About the AmeriCorps Victims Assistance Program
Each year, SHARPP employs a member from the New Hampshire AmeriCorps Victim Assistance Program (AVAP). The program consists of 4 types of positions: crisis center advocates, law enforcement advocates, child advocacy center advocates and college/university advocates. At SHARPP, AVAP members fulfill the responsibilities of the college/university advocate, as well as crisis center advocate. In the SHARPP AVAP position, members are on the front-line for direct service, where they will be able to provide crisis intervention, medical and legal accompaniment, emotional support and resources to survivors of stalking, sexual, and relationship abuse. The SHARPP AVAP member also assists in prevention eduation and outreach to the campus community through programming and events.
What is AmeriCorps?
AmeriCorps is a national program which recruits young people throughout the United States to provide community service through full-time volunteer positions that address a variety of social issues. AmeriCorps members gain new skills and valuable experience helping others while working towards an educational award to help pay for prior or future schooling. AmeriCorps consists of three major programs: AmeriCorps State and National, AmeriCorps VISTA, and AmeriCorps NCCC (National Civilian Community Corps).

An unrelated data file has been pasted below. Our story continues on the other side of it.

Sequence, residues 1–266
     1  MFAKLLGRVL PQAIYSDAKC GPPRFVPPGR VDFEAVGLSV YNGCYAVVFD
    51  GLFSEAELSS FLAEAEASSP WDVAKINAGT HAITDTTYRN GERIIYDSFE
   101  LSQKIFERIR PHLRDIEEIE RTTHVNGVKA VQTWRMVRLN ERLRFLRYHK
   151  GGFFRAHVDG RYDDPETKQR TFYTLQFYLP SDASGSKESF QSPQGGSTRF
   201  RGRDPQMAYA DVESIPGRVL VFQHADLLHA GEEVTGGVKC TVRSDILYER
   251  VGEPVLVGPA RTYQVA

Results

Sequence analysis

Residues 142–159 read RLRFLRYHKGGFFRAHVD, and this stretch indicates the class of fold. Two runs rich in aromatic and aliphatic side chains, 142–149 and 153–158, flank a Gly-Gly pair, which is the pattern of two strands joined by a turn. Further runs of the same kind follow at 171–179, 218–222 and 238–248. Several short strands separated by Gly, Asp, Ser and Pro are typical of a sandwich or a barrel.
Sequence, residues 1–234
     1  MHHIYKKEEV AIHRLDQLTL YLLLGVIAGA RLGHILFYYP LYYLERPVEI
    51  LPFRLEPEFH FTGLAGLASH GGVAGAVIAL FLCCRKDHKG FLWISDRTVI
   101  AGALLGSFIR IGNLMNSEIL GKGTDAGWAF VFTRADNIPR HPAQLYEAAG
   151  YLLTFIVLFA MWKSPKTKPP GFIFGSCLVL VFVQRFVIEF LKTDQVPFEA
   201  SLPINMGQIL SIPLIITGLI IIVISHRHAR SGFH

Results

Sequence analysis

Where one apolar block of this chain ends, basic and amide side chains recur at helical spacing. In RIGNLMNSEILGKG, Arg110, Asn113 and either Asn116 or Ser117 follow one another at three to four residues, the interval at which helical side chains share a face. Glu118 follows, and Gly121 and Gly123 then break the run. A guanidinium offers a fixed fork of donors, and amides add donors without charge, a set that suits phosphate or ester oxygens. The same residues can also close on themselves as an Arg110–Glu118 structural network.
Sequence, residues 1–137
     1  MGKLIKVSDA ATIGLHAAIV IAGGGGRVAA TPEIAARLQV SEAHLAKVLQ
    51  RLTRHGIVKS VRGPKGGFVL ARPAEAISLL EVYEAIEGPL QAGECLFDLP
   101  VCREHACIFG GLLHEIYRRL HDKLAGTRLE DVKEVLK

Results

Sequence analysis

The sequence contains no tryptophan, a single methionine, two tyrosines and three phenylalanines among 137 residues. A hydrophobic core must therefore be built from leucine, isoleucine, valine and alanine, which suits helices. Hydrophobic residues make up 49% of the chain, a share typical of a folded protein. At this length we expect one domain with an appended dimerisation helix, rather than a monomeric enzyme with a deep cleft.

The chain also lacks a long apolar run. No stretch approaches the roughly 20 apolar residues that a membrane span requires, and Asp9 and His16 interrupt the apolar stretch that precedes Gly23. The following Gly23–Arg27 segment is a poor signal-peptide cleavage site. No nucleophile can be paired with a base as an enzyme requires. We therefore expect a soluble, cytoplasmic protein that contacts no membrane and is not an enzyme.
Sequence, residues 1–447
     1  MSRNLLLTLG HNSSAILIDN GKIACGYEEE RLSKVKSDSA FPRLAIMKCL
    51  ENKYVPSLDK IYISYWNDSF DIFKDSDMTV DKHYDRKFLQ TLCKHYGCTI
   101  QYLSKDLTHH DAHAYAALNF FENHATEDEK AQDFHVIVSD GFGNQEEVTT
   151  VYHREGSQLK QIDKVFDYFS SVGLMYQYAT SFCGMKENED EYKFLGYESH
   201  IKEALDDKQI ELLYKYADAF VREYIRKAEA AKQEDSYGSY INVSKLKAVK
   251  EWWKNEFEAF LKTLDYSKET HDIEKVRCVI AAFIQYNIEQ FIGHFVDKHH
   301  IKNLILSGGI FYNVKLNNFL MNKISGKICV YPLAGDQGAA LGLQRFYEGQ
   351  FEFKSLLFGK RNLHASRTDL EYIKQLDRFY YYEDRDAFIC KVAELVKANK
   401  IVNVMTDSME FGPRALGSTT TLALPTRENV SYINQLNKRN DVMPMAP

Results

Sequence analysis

Can you tell me more about AmeriCorps Victim Assistance Program (AVAP)?
AVAP is a statewide volunteer program (under the AmeriCorps State and National program) that places its members in crisis centers, police departments, and state prosecution offices throughout the state of New Hampshire. Started in 1994, AVAP members have been assisting victims of domestic and sexual violence and stalking for over 17 years. AVAP members provide their service through full-time positions which consists of 1700 hours of community service throughout a year.
AVAP members start their service year in September. The first two weeks of the program are spent in trainings which cover a wide range of topics, including Sexual Assault 101, Domestic Violence 101, Civil Laws and Processes, Criminal Law and Processes, Vicarious Trauma and many more. After the two-week training is completed, members begin working at their services sites, coming back together for additional trainings at once-a-month team meetings. Additionally, AVAP members facilitate the statewide Clothesline Project which displays on the State House lawn in Concord every April for Victim Rights day.
How can I become a AVAP member at SHARPP?
If you are at least 18 years old, have a commitment to community service, and an interest in the issues SHARPP deals with, you could be a future AVAP member! AVAP is a great way to build your resume with commuity service while also aiding survivors of sexual violence, relationship abuse and stalking.
Applications for AVAP are accepted the beginning of January. If you are choosen, the service year typically begins in the first full week of September and concludes the following September. Most placements are across the state of New Hampshire in crisis centers, law enforcement offices, child advocacy centers, and college and university campuses. If you can't commit to an entire year of service, there are also part-time positions available. For information on applying, call the AVAP office at (603) 224-6466.
Does AVAP pay?
AVAP members receive a weekly living stipend, health care benefits, childcare benefits, hands-on experience, loan forbearance, and an educational award applicable to existing student loans or future educational expenses upon completion of the program.
The current AVAP member for SHARPP is Julia Kelley-Vail.